Let’s analyze the essay against the four assessment criteria for IELTS Writing Task 2 to understand why it could achieve a band 8:

Task Achievement:

  • Band 8 Criteria: Addresses all parts of the task, presents a clear position, and supports the main points with well-developed explanations.
  • In the Essay: The essay clearly addresses the topic by acknowledging the role of free education in reducing poverty. It presents a clear position that while education is important, it is not the only solution. The essay supports this stance with explanations about employability, increased awareness, and systemic issues in developing countries.

Coherence and Cohesion:

  • Band 8 Criteria: Sequences information and ideas logically, manages all aspects of cohesion well, and uses paragraphing sufficiently and appropriately.
  • In the Essay: The essay is well-organized with a clear introduction, body paragraphs, and a conclusion. Ideas flow logically, with each paragraph focusing on a specific aspect of the argument. Transitions (“Undoubtedly”, “However”, “Moreover”, “In conclusion”) are used effectively to guide the reader.

Lexical Resource:

  • Band 8 Criteria: Uses a wide range of vocabulary fluently and flexibly to convey precise meanings, uses less common lexical items with skill, and rarely makes vocabulary errors.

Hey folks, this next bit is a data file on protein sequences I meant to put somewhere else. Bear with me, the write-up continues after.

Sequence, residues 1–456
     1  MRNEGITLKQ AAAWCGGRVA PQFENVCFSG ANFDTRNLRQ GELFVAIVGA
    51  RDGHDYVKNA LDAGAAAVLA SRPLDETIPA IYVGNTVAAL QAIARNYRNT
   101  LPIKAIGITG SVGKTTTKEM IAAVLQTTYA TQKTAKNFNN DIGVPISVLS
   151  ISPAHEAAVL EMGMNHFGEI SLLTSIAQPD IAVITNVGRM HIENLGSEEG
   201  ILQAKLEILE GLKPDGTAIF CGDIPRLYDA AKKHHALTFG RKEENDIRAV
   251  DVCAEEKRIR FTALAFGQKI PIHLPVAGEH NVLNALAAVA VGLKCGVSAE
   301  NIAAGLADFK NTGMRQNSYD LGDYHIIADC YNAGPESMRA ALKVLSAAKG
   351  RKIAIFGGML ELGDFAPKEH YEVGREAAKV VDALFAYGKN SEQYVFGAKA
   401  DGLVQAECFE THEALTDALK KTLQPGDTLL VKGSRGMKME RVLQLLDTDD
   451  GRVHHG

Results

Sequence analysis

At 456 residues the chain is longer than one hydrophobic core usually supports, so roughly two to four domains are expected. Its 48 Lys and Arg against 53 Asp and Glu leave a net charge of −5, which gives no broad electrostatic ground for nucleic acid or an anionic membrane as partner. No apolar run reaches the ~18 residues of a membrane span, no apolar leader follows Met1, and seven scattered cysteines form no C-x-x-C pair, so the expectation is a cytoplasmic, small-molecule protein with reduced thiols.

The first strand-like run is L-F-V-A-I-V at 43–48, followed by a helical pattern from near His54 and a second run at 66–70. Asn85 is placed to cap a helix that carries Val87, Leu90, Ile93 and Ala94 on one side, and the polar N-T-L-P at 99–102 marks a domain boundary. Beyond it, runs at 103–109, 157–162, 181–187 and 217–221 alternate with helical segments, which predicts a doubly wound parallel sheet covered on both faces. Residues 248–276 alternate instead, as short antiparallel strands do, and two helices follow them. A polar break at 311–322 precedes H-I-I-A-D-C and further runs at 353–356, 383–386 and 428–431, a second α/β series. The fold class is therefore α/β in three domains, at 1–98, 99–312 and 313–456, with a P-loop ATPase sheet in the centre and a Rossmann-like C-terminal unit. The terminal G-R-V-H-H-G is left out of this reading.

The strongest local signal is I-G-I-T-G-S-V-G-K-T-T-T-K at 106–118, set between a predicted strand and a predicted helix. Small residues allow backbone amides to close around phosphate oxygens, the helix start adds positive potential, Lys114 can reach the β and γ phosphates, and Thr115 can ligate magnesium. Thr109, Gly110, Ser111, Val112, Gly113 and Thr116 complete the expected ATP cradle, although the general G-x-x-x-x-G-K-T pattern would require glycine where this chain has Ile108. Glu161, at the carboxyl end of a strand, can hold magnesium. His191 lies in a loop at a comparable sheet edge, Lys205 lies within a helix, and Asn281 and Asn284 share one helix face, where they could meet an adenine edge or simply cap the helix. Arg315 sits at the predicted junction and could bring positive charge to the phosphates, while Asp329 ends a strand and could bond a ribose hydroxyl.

• In the Essay: The essay showcases a varied vocabulary with terms like “bedrock”, “employability”, “panacea”, “conducive”, and “holistic”. These terms are not only apt but also enhance the sophistication of the argument.

Grammatical Range and Accuracy:

  • Band 8 Criteria: Uses a wide range of structures, produces majority of sentences with full accuracy, and makes only occasional errors.
  • In the Essay: A variety of sentence structures are employed, from simple to compound and complex. For instance: “While I strongly believe that education is a powerful tool for reducing poverty, I also argue that it should be part of a multifaceted approach, encompassing various other initiatives.” There are minimal to no grammatical errors, and the essay maintains a high level of accuracy throughout.

Overall, this essay displays the qualities expected of a Band 8 response. It is well-structured, presents a clear and nuanced argument, and is written with a strong command of English in terms of both vocabulary and grammar.

To upgrade the essay to a Band 9, we must ensure it meets the highest standards of the IELTS assessment criteria. Band 9 signifies full expertise in the language. Here’s how we can refine the essay:

Task Achievement:

  • Band 9 Criteria: Fully addresses all parts of the task with very well-developed ideas.